The radio show State of the Re:Union has been such a great unexpected endeavor. Three years ago, I never thought I would be here. An unexpected bi-product of the show is that it’s forced me to become a business man. I’ve always done the business of Al Letson, but honestly, that’s not that difficult. But the radio show- wow. I am a small business owner. Along with my business partner, in the up coming month’s I’ll be employing seven people. Pretty amazing. Also the reason why I’m so broke right now. We are in the midst of negotiating a contract with a funder, so we’ll be able to do the show. Things are working out, our funder is great but when they are giving a large check to a small company like mine it takes time. Apparently three months time. So after the last grant was over we have been in limbo waiting for the next grant to come along. Thus the hard nerve wracking summer. The good news is State of the Re:Union will be heard nationally and we'll be making full seasons whereas last year we were in development and only made three episodes. Time to do it big. I'm ready.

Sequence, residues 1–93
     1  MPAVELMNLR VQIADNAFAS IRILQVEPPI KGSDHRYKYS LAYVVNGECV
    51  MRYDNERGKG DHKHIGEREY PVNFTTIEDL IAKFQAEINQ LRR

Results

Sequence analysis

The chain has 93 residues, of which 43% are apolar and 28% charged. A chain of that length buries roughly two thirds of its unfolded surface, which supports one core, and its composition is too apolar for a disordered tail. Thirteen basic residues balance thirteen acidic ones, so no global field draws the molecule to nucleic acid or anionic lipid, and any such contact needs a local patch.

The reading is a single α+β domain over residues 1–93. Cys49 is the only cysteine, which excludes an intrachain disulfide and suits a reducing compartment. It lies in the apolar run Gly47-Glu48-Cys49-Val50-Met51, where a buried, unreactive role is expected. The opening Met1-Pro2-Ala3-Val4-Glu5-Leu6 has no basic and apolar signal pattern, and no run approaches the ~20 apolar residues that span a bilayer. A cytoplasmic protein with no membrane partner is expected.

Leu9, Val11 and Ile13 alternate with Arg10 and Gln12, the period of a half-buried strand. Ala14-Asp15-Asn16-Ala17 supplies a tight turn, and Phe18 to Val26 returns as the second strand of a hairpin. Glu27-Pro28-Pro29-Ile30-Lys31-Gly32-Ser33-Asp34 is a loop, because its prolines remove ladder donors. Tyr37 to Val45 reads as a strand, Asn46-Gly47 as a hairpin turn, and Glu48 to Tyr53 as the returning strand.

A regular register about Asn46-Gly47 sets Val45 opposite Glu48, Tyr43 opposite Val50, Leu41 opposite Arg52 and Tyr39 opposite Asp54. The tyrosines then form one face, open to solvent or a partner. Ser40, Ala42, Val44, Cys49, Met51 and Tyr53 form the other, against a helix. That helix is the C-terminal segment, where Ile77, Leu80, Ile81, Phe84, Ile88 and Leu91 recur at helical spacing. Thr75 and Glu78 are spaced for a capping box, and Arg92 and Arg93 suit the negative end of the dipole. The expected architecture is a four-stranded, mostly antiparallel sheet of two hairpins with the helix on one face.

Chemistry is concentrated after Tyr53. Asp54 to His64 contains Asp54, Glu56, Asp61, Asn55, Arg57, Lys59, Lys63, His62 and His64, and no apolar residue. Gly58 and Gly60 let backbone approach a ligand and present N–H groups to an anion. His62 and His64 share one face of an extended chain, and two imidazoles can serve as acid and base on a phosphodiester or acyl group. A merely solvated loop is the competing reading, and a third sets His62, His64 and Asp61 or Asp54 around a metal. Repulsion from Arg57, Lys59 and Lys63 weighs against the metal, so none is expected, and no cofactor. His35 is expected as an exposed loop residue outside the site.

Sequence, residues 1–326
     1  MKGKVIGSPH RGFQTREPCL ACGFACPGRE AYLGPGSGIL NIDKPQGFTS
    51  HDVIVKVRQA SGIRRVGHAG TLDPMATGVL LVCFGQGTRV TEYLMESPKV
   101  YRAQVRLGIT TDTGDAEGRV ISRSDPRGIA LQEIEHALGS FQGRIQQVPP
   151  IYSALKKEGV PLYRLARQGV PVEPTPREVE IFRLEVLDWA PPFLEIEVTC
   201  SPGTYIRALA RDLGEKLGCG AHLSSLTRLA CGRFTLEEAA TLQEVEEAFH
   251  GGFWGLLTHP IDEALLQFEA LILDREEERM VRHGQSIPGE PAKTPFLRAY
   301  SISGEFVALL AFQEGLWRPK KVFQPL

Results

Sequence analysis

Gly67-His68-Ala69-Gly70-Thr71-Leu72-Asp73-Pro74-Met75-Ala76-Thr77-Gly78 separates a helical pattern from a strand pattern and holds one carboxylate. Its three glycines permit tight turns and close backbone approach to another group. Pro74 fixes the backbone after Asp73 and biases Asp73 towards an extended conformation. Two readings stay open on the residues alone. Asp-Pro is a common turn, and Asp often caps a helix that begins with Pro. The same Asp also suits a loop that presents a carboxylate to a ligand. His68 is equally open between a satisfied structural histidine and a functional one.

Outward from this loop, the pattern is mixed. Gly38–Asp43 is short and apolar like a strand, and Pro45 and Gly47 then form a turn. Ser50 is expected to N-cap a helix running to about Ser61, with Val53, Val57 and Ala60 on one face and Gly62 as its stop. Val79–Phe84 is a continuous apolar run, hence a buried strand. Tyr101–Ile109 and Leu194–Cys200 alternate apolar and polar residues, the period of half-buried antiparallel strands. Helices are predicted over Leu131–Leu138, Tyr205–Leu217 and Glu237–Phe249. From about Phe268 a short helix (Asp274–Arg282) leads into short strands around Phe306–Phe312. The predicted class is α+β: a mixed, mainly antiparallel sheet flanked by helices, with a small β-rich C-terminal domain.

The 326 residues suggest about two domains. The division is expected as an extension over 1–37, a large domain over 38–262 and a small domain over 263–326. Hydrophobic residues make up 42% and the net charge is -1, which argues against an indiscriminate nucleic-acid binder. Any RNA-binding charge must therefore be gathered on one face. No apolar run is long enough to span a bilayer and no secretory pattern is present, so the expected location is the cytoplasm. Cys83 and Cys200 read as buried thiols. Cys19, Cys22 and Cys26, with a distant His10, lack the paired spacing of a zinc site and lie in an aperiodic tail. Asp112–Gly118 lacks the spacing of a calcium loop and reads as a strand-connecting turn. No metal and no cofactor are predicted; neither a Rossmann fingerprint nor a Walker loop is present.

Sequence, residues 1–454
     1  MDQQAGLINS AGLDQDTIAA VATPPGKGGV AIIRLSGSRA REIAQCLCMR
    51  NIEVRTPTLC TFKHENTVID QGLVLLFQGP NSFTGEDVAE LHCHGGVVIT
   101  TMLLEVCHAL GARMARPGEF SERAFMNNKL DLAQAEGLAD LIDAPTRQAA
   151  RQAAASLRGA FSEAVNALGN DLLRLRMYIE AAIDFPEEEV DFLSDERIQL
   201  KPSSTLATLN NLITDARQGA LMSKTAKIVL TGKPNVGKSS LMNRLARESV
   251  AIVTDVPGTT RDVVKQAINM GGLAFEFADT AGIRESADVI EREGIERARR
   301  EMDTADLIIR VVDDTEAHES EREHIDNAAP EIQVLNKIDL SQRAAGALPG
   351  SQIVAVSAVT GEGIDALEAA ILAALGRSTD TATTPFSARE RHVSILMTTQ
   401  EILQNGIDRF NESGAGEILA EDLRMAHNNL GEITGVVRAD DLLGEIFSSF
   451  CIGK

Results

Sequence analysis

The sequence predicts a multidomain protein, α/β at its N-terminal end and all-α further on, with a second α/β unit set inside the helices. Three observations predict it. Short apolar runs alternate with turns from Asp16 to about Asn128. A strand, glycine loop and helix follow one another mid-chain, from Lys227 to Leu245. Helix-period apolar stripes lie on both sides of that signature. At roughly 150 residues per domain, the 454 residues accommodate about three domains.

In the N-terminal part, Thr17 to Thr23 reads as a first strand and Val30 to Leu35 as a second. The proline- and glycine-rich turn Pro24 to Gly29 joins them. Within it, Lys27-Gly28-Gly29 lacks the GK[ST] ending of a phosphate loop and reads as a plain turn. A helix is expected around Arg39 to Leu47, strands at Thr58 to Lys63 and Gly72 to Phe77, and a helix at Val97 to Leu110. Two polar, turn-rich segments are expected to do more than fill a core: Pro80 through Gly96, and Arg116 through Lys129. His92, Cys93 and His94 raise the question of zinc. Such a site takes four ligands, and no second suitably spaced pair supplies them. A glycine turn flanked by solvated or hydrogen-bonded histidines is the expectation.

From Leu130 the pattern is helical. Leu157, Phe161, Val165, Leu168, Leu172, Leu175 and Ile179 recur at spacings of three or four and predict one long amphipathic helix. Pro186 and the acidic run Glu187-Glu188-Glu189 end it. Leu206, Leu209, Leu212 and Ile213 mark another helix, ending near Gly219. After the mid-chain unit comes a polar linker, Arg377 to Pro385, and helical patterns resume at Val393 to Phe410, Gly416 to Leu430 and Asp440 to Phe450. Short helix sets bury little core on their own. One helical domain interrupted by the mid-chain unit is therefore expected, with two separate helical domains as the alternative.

On the flip side, my work is never done. I’ve been on a hard press to write my new play Crumbs. It’s funny every time I sit down to write another play, I can never remember how to do it. I get nervous and wonder if the last play was a fluke. I try to rewrite the last play with a new name, then suddenly it comes. I don’t know how, but “It” comes. I calm down throw out most of what I’ve already written, and write the piece. Unfortunately for Crumbs my time frame was a little crunched. With all my activities in August, (see previous post) I couldn’t get started in earnest until late August. I didn’t finish writing until yesterday, and the show opens in two weeks. To be fair, I’ve had most of the play done for weeks. But still it’s unfair to the actors to give them final pages weeks before we open, but hey, that’s the way it is.